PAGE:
Impact of urban block typology on building solar potential and energy use efficiency in tropical high-density city
Stephen En Rong Tay,
Stephen Siu Yu Lau and
Applied Energy, 2019, vol. 240, issue C, 513-533
This paper presents the results of an investigation on the relationship between urban block typology, solar energy harvesting potential and building energy use efficiency in the context of the tropical high-density city Singapore. Thirty generic urban block cases in six typologies that represent a diverse range of urban forms were examined through simulation-based studies under the same planning conditions and simulation assumptions so as to rule out the impact of non-design related factors. Several key planning and geometric parameters which capture the formal characteristics of the urban blocks were examined as independent variables, and the dependent variables include the performance indicators on solar energy harvesting potential and building net energy use intensity that capture the dual benefits of photovoltaic (PV) systems in reducing building cooling loads and offsetting local plug loads with electricity generated on site. The results indicate that, under the same planning conditions and design premises, differences in urban block typology could lead to up to 200% increase in solar energy harvesting potential and electricity generated from rooftop PV, twelve times higher rate of reduction in building cooling loads, tow times higher rate of reduction in net purchased electricity, and 25% lower building net energy use intensity. The courtyard and hybrid urban block typologies consistently outperform the other typologies, especially the commonly implemented tower and slab blocks, and they benefit the most from PV deployment in the tropics. The comparison between an existing residential precinct and a hypothetical alternative hybrid urban block further demonstrated the significant impact of urban design on efficiency of PV electricity generation and building energy use efficiency. In addition to the significant economic benefit in reduction in utility cost and environmental implication in terms of equivalent reduction in CO2 emissions on urban scale, this study highlights the crucial role that urban design plays in terms of maximising on-site renewable energy production such as solar energy. The significant planning and geometric parameters in relation to the performance indicators provide insight as reference for establishing solar energy friendly urban planning and architectural design guidelines. The methodology and technical workflow as developed can support reliable and efficient feasibility studies, especially in the early stage of urban planning and architectural design. Integrated with other performance evaluations, they can facilitate decision-making on implementation of renewable energy integrated green building technologies and passive design strategies.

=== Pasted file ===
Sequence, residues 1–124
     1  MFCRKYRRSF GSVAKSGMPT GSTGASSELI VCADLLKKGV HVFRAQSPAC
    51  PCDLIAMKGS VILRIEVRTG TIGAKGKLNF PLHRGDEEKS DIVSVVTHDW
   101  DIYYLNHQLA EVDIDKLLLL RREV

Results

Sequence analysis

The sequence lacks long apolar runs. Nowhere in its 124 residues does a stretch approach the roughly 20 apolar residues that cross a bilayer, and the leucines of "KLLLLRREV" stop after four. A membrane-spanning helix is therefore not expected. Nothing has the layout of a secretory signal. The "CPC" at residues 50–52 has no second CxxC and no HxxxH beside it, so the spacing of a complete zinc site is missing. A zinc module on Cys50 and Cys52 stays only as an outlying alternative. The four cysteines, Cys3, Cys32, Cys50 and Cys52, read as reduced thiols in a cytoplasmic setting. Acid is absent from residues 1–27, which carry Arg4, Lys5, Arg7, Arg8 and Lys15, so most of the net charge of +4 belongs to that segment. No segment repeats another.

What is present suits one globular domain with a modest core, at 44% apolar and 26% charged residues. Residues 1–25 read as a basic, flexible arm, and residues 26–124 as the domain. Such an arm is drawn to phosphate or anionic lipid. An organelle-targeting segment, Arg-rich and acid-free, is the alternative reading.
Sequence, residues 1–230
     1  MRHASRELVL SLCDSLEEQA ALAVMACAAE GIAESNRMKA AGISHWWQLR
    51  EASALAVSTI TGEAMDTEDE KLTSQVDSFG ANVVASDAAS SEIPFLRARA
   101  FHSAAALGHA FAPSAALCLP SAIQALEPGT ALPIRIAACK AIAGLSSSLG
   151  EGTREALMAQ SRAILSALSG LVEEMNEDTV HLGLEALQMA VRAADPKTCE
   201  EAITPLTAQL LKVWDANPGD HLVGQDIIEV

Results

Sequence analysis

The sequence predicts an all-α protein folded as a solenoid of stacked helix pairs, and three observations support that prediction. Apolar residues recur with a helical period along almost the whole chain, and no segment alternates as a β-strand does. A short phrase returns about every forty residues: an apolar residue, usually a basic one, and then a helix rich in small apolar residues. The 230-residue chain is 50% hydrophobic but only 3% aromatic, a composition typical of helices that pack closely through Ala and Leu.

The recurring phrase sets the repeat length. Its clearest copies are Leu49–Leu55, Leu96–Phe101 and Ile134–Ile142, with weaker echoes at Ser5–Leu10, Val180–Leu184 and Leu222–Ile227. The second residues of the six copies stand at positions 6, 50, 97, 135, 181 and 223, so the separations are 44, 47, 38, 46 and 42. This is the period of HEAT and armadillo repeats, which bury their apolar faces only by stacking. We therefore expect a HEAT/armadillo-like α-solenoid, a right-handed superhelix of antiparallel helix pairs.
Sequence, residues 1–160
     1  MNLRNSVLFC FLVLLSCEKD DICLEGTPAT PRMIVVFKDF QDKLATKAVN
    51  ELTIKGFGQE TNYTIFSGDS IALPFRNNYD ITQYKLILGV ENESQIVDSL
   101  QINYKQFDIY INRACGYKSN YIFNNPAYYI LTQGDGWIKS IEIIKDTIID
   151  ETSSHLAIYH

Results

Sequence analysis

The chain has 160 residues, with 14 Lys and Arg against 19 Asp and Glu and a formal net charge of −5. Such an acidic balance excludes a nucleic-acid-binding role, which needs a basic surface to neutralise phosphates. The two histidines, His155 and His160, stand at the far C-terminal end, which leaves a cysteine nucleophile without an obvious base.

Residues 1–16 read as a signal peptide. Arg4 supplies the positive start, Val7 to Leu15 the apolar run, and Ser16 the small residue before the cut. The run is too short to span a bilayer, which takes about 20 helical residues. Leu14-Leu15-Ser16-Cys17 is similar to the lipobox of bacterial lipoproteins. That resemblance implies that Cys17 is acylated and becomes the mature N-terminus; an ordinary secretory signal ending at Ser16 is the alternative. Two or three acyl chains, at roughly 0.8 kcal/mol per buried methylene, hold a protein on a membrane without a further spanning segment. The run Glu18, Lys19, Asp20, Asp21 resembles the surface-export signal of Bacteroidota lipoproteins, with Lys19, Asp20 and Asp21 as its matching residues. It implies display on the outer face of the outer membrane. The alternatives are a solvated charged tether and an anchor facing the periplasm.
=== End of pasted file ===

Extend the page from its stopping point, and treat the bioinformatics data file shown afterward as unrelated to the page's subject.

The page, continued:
Keywords: Urban block typology; Urban form; Solar energy; Photovoltaic (PV) system; Building energy use efficiency; Renewable energy application (search for similar items in EconPapers)
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